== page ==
Beavis & Butt-head Do America
Original Motion Picture Soundtrack (Geffen 25002)
Have you ever wondered what the "Beavis & Butt-head" theme would sound like if arranged by Isaac Hayes? Well, wonder no more, because the very first selection on the soundtrack from "Beavis & Butt-head Do America" is something called -- what else? -- "Two Cool Guys," a hysterical, deadpan resetting of the TV theme in the style of Hayes' classic "Theme from Shaft." That alone would be worth the price of admission, but the album also includes such unexpected delights as the Red Hot Chili Peppers' remake of the Ohio Players' "Love Rollercoaster" (easily the best thing the band has done in years, and not just because there are enough backup singers to keep Anthony Keidis from having to carry the melody), Ozzy Osbourne's super-crunchy "Walk On Water" (produced, amazingly enough, by techno wizard Moby), and L.L. Cool J's inimitably suave take on the Rufus oldie "Ain't Nobody." Besides, what other album would find AC/DC segueing into Engelbert Humperdinck -- much less have Humperdinck singing something called "Lesbian Seagull"?
Trial By Fire (Columbia 67514)
Rock and roll these days has few pleasures as guilty as liking the Journey reunion album, "Trial By Fire." It isn't just that Journey, in its commercial prime, was guilty of some of the most bloated pop rock of the early '80s; making matters worse is the fact that this new album does little to update the band's sound. From the bombastic "One More" (imagine Rush on steroids) to the thumping overkill of "Castles Burning" (think Foreigner "4"), the songs seem almost to have emerged from some MTV time warp. Yet as ridiculous as the album often sounds, it's hard not to appreciate the sincerity with which the band delivers these vintage cliches. "When You Love a Woman" may be the sort of power-ballad that even Michael Bolton has long since stopped writing, but that doesn't diminish the appeal of Steve Perry's earnest, intense vocal, much less that of the song's soaring (if campy) chorus. Granted, a little of that goes a long way, meaning that the album's drippier slow songs -- such as "When I Think of You" or "Still She Cries" -- wear thin in a hurry. Still, it's incredible enough that a reunited Journey would have anything to offer at this point; expecting a full album's worth of solid songs is asking entirely too much. House of Music (Mercury 314 534 250)
Because Tony Toni Tone does retro-soul so well, it's tempting to assume that the old school sound is all they have. Sure "House of Music" opens with "Thinking of You," a drop-dead perfect re-creation of classic Al Green right down to the way D'wayne Wiggins' guitar evokes Teenie Hodges' work with the Hi house band, but the album is hardly a throwback -- not when it includes such thoroughly modern jams as "Let's Get Down" and "Tossin' and Turnin'." Instead, the Tonies serve as a sort of stylistic missing link, suggesting what would have happened had the soul styles of the '70s continued to evolve, instead of being tossed aside by the synth-driven sound of the '80s. So "Lovin' You" has the same harmonic complexity and slow-groove sizzle as a vintage Earth, Wind & Fire ballad, while "Don't Fall in Love" comes on like a revitalized Philly Soul single. That's not to say the Tonies don't have fun with those conventions; it's worth noting, for instance, that when "Don't Fall In Love" urges that men not fall for a woman "unless you're sure she's a woman," it's less than clear if the phrase is meant metaphorically or not. Still, the fact that the Tonies can have it both ways is part of the fun. Because if all you wanted were '70s-style grooves, why would you even bother with a contemporary group?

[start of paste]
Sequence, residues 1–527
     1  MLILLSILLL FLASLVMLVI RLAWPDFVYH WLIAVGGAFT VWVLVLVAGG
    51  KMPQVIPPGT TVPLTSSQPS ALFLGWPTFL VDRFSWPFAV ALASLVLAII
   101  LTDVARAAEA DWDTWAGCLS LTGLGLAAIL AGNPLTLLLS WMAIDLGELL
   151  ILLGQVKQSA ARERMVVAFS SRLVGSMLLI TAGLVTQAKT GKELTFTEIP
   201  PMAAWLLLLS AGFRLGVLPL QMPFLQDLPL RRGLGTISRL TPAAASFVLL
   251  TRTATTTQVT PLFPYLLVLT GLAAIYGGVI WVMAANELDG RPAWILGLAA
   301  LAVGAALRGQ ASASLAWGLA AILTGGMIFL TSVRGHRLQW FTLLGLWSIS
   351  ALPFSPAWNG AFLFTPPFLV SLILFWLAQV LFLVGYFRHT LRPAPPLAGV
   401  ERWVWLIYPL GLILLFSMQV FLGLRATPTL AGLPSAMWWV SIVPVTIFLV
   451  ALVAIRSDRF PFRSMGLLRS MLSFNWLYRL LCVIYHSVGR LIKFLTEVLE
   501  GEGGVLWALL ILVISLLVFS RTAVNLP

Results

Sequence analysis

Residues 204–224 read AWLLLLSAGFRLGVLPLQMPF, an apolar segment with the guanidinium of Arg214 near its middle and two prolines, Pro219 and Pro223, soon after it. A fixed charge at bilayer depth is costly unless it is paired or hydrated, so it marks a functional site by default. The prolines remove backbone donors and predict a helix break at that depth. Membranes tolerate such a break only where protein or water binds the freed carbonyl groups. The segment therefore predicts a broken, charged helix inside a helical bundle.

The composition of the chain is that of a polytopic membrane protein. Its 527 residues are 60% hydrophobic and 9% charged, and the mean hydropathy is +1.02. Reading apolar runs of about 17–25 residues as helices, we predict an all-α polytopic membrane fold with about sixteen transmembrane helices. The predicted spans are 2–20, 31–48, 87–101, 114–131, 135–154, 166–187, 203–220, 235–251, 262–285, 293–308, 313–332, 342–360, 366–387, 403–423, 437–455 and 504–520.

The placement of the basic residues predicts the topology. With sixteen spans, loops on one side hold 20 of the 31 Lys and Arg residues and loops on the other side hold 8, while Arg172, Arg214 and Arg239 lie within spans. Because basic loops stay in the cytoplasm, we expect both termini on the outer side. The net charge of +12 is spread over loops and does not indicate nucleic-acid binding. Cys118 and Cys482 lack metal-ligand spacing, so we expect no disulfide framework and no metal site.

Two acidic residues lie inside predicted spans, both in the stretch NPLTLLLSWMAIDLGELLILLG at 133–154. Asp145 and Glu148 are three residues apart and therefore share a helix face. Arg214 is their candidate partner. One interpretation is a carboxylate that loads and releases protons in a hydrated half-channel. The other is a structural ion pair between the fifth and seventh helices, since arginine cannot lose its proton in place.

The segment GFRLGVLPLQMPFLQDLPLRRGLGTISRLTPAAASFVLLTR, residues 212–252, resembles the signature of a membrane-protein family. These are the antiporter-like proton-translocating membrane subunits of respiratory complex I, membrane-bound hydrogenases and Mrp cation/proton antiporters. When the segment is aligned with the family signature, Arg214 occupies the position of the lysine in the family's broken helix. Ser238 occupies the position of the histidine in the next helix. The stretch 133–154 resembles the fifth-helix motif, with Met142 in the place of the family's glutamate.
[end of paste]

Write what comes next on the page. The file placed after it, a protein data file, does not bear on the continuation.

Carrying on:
Unchained (American 43097)
That Johnny Cash went into the studio with Tom Petty & the Heartbreakers to record tunes by Beck, Soundgarden and Spain may make "Unchained" seem like a generation-crossover novelty along the lines of Tony Bennett's "MTV Unplugged." But it doesn't sound like one. In fact, what it sounds like is the same sort of hard-edged country music Cash made when he first started recording for Sun Records. "Country Boy," for instance, hurtles along on the strength of a rockabilly arrangement not that different from the one that powered "Get Rhythm," while "Mean Eyed Cat" is as gone as anything those Sun cats cut in the '50s. Even better than the way he recaptures his rockabilly roots, though, is the stylistic breadth Cash brings to the album's gospel tunes. So Spain's "Spiritual" walks the line between Memphis blues and the high-lonesome sound of bluegrass, while the Carter Family's "Kneeling Drunkard's Plea" owes as much to the hoedown as to the revival tent. Of course, what alternarockers will most want to hear is how Cash reconfigures Soundgarden's "Rusty Cage" as folk rock (imagine Bob Dylan doing Bo Diddley, and you'll get an idea), but the best remade rocker on the album is Petty's "Southern Accents," which conveys a dignity and weariness only hinted at in the original. A truly awesome collaboration.
Pub Date: 11/14/96